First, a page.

I want to focus on those who are in the asylum system as we speak. Some of them have been in this country for seven, eight and more years. Many of them have no memory of their country of origin. They consider them to be Irish. A young person's immigration status will define and determine his or her life. It will determine their access to education, social services, employment and housing.
I draw the Minister's attention to the Young People at Risk, YPAR, organisation in Dublin Central. The Minister, Deputy Zappone, launched its two-day conference recently in the Gresham Hotel. Those foreign national young people were speaking of their situation as it is now. They have come through primary and secondary level but they cannot access third level. They cannot go to work. Even those of them who can access the small amount of funding that is needed for a post-leaving certificate course, on having acquired a skill on having completed that course, they cannot use it because they cannot work. These young people want to contribute to Ireland in the same way as Irish migrants throughout the years have contributed to other countries where they lived. There is need to consider introducing an amnesty here in the same way that we are seeking one for the undocumented Irish in the United States. These young people refer to themselves as "ghosts". Their plea from the conference was that they do not want pity, they want regularisation.
I want to put on the record of the House that when Judge McMahon did his report, which we launched some time ago, the big concern was the length of time people were spending in direct provision. The reality is that those numbers have dramatically decreased since the report was launched. There are very few people left in the system who have been here longer than the five-year mark, for example, except those who are taking judicial reviews. Therefore, the vast majority of these situations have been dealt with, and the new people arriving will now have their statuses dealt with in a far faster way, so we will not have the issue of people being here for long periods without their applications being processed and final decisions made. That is very important. The situation has changed. I put the figures into the public arena at a conference last week. The changes to the length of time people are spending in direct provision are very dramatic. Regarding the point the Deputy made about these young people, what is important is that they get their applications cleared quickly. Once they are refugees, of course they can work. They are not ghosts. They can be part of ordinary society. However, there are transitional points. We need to support the organisations working with these people and we are increasing the support we are giving to those organisations.
Here we are again talking about practices within An Garda Síochána. We have had the O'Higgins report and the O'Neill report and earlier this week the Tánaiste announced a new commission of investigation, all of which were essentially designed with the same remit, that is, to investigate the practices of An Garda Síochána which underpinned the appalling treatment of whistleblowers in the force. Surely, this underlines the point that there is something fundamentally wrong at the most senior level of An Garda Síochána.
The same commission was announced by the Tánaiste with zero recourse to the Dáil in advance regarding the terms of reference, and we will have a debate on the matter this afternoon. That was unfortunate. The minority Government of 59 members, underpinned by Fianna Fáil, does not represent parliamentary democracy, and the mandate of the entire Dáil must be remembered. It feels like a throwback to the majoritarianism and arrogance that developed in the last Dáil. I welcome the debate this afternoon, which comes after the fact.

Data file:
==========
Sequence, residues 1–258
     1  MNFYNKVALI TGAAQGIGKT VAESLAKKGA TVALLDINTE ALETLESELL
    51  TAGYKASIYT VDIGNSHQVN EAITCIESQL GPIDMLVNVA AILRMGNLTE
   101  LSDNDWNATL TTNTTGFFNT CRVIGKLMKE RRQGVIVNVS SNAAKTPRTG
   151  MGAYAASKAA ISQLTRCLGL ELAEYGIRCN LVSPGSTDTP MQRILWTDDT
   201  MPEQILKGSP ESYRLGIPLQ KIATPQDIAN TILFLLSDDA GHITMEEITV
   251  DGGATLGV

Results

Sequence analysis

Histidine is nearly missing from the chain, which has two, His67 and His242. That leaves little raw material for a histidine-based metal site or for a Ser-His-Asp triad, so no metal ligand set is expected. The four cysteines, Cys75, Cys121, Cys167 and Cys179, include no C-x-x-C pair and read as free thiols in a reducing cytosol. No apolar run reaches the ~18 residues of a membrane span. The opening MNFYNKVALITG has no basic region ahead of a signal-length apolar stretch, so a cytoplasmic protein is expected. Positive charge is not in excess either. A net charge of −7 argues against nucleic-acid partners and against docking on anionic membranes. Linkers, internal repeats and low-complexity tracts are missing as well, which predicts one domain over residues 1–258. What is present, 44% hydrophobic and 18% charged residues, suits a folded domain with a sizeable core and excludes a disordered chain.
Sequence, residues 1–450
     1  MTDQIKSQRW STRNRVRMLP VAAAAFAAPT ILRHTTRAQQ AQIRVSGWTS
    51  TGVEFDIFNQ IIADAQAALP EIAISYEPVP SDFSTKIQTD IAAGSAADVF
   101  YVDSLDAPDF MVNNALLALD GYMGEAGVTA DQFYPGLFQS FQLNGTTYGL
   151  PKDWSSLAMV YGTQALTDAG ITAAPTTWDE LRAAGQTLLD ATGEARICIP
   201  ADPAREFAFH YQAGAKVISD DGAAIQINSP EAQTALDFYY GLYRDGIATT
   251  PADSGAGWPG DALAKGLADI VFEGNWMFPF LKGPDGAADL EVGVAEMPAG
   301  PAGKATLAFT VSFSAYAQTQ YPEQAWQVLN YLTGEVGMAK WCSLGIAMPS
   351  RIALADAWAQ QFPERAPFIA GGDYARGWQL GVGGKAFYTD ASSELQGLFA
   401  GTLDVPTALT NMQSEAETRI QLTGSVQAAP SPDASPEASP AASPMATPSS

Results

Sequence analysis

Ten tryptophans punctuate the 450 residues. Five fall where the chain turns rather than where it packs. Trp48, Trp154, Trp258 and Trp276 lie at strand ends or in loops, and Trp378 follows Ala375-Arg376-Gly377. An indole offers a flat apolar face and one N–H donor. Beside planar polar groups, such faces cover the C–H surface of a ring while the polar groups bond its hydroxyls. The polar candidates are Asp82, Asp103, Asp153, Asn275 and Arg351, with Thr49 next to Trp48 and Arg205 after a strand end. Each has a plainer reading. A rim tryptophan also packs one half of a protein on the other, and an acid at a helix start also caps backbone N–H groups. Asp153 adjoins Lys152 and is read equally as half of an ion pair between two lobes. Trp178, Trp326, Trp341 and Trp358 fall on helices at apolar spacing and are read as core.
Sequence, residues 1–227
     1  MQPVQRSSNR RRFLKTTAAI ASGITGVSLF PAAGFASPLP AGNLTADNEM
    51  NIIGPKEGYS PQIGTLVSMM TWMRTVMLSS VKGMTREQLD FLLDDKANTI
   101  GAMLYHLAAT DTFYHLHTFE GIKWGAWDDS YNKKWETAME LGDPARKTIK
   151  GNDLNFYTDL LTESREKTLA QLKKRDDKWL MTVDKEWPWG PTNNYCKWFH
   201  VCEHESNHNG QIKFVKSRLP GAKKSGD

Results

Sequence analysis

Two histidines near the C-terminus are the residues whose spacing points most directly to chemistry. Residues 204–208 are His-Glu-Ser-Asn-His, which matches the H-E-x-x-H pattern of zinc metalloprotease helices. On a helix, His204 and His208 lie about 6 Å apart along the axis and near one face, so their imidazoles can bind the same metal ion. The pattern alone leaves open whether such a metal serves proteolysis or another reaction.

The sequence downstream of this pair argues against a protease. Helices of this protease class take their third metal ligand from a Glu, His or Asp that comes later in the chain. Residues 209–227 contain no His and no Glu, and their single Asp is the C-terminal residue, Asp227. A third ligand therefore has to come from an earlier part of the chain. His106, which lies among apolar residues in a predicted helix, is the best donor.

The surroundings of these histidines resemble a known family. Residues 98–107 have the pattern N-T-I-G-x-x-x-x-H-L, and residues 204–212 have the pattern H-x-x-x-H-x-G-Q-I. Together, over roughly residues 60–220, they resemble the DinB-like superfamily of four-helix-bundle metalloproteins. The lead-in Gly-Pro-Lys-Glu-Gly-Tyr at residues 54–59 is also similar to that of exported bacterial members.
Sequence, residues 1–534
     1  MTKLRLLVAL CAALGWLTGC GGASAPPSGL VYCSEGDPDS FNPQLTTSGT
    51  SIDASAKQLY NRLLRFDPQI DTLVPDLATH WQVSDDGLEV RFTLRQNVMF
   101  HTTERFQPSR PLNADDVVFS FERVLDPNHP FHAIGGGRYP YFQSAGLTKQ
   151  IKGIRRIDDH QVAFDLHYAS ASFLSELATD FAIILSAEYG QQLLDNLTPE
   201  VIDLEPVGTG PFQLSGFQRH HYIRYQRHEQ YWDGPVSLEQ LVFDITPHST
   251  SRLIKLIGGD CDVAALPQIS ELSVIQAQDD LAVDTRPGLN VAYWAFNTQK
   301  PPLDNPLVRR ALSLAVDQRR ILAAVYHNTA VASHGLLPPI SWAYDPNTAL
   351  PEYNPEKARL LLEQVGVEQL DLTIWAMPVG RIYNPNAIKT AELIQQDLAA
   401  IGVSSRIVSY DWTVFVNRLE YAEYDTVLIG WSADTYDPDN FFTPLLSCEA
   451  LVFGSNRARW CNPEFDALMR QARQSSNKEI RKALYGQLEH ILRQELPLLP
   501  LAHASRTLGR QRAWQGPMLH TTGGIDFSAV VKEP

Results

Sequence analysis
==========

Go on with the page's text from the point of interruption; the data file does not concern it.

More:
There seems to have been a kind of attitude that things can be managed. This has spectacularly backfired. Two weeks ago, John Mooney had a Sunday Timespiece dealing with a report which the Tánaiste had been aware of since last year yet which had not found its way into the public domain. The report concerned serious mishandling of funds in Templemore Garda training college. In any other week, the story would have run and run, but the Tánaiste got lucky with the news cycle. The report is indicative of the malaise in the force.
The Commissioner's statement last night that she was surprised by the revelations made yesterday astonished me and, I am sure, others because these allegations had been circulating at political and media levels for some months. If the Commissioner genuinely did not know about them, there is a very serious failure in the intelligence-gathering capabilities of her office, and indeed the force, and a serious problem with internal communication. Given the tittle-tattle that the last Commissioner seemed to know about Mick Wallace's minor motoring offence, for example, it is very hard to believe that the current Commissioner is oblivious to the most serious and scurrilous allegations about her and Sergeant McCabe that were circulating. Given that it appears RTE correspondents were made privy to the intricate details of the O'Higgins report before it ever saw the light of day, the Commissioner might ask if RTE is getting more information than she is. It is very hard to believe the Commissioner's statement last night, and it begs the question what else we can believe. We in the Social Democrats see no option but for the Commissioner to step aside while the commission undertakes its work, given her central role in disciplinary procedures in the force.